Bulgaria has a number of forts, both genuine ones as in Cherven and recently constructed "restorations" as in Veliko Tarnovo. The country, however, has several examples of a curious type of fortification: the standalone tower.
These were mostly built either in the Middle Ages or during the Ottoman period as fortified residences for local lords who had more than one reason to fear for the safety of their families and their wealth: robbers, bandit raids, the occasional rebellion or a villager with a grudge. With their towering silhouettes, rising on hills above the lives of the ordinary people, these were also visual reminders of their owners' power over the population.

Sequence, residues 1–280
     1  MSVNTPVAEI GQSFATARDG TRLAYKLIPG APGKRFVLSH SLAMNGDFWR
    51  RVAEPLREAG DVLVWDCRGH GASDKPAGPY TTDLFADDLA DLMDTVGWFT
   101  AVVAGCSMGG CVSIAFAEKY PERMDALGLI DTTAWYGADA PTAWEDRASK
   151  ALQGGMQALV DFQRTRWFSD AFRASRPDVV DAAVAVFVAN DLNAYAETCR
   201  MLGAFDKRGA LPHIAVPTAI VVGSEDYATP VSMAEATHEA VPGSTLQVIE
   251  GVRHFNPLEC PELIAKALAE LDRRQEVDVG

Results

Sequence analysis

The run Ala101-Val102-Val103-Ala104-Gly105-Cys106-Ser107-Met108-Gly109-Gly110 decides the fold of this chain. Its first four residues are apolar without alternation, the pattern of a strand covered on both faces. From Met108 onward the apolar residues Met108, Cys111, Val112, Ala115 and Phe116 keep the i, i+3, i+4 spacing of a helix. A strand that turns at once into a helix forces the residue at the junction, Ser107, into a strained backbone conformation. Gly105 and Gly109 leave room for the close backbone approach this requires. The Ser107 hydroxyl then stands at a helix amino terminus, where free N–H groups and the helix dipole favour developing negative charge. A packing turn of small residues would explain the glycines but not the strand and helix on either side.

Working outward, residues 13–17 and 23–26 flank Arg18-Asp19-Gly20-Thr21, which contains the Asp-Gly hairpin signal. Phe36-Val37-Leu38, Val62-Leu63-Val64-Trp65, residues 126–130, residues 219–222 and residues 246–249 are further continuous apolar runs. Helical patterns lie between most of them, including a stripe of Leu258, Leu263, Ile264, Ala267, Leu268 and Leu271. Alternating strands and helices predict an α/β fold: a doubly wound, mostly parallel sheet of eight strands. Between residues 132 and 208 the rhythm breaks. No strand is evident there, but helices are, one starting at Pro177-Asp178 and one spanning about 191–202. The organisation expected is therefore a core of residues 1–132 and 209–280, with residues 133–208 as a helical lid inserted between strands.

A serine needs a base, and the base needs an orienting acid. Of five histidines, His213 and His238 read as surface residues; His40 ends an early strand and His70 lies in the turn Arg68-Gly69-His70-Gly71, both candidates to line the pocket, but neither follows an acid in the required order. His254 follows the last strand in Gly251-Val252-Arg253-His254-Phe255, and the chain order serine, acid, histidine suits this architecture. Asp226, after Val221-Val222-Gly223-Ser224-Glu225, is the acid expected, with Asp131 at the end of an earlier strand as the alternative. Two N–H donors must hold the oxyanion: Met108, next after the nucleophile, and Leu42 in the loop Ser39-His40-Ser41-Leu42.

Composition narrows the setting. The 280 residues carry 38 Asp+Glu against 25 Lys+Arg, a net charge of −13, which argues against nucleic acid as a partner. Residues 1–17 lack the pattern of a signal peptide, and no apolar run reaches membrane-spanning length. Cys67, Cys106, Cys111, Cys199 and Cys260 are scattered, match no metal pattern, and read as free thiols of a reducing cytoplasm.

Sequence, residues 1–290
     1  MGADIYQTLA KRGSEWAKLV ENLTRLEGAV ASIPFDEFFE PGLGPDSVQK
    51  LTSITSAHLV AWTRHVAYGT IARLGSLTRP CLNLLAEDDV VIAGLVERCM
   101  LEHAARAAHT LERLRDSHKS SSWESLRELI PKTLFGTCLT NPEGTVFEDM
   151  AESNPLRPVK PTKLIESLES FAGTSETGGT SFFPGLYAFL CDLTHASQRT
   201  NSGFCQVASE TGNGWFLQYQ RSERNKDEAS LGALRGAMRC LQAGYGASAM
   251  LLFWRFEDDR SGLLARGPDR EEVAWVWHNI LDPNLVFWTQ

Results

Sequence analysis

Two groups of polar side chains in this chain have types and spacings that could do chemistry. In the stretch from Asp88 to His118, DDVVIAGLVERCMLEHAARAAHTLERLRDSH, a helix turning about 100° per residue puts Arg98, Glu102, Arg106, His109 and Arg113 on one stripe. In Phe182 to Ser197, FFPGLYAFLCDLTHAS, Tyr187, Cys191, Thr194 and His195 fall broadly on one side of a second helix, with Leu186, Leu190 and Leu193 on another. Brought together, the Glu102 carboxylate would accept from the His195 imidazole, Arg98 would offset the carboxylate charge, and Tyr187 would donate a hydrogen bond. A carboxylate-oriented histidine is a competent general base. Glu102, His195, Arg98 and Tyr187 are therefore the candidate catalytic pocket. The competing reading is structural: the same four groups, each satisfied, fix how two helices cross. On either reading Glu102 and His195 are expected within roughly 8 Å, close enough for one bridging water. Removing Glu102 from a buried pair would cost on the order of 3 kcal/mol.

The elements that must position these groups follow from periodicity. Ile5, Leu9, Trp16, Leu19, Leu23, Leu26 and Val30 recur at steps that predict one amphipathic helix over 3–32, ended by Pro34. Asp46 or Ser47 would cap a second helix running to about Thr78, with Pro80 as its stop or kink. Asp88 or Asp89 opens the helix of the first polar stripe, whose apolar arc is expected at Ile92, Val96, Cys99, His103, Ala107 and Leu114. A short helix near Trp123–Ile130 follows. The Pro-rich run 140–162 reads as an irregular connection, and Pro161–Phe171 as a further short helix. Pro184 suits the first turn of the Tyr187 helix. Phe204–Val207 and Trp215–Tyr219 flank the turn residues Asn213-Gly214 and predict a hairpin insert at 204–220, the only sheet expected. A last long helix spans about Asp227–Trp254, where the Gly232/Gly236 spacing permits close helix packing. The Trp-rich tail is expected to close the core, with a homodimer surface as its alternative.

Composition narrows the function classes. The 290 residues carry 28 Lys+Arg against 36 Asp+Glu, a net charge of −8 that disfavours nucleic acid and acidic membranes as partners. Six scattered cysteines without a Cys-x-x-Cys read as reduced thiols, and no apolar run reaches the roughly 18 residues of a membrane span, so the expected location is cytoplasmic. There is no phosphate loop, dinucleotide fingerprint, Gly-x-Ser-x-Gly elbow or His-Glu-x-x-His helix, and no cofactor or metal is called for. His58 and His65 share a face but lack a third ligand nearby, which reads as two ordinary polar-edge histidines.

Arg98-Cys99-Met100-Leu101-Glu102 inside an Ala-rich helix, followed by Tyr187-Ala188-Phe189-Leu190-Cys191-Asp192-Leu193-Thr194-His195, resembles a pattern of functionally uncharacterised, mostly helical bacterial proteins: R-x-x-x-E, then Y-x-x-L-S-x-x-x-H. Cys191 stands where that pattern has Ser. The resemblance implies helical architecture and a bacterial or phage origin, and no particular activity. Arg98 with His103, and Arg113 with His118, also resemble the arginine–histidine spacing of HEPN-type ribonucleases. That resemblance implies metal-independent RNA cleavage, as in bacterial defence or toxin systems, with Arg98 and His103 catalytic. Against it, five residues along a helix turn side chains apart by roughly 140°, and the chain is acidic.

The fortification that stands on a dominant hill above Matochina village, on the Bulgarian-Turkish border near Svilengrad, was built in the 12th-14th centuries. It is one of the best preserved examples of late-Mediaeval fortresses in Bulgaria. Even today, its weathered and crumbling walls rise up to 18 m.
Some historians identify the tower as Boukelon, a fortress whose predecessor saw the devastating Goth war with the Romans of 376-382 and an invasion by the Bulgarian Khan Krum in 813. In 1205 it witnessed a decisive battle between Bulgarian light infantry and the heavily armoured knights of the Latin Empire. Kaloyan, the Bulgarian king, captured Baldwin of Flanders and kept him there, the legend goes, before getting him over to Tarnovo.
In the 20th and 21st century the tower was excavated and conserved, and can now be visited, if your car survives the heavily potholed road to Matochina.
Melnik is famed for its traditional houses, sandstone pyramids and heavy wines. Bulgaria's smallest town, however, is also the home of a tower with a curious history.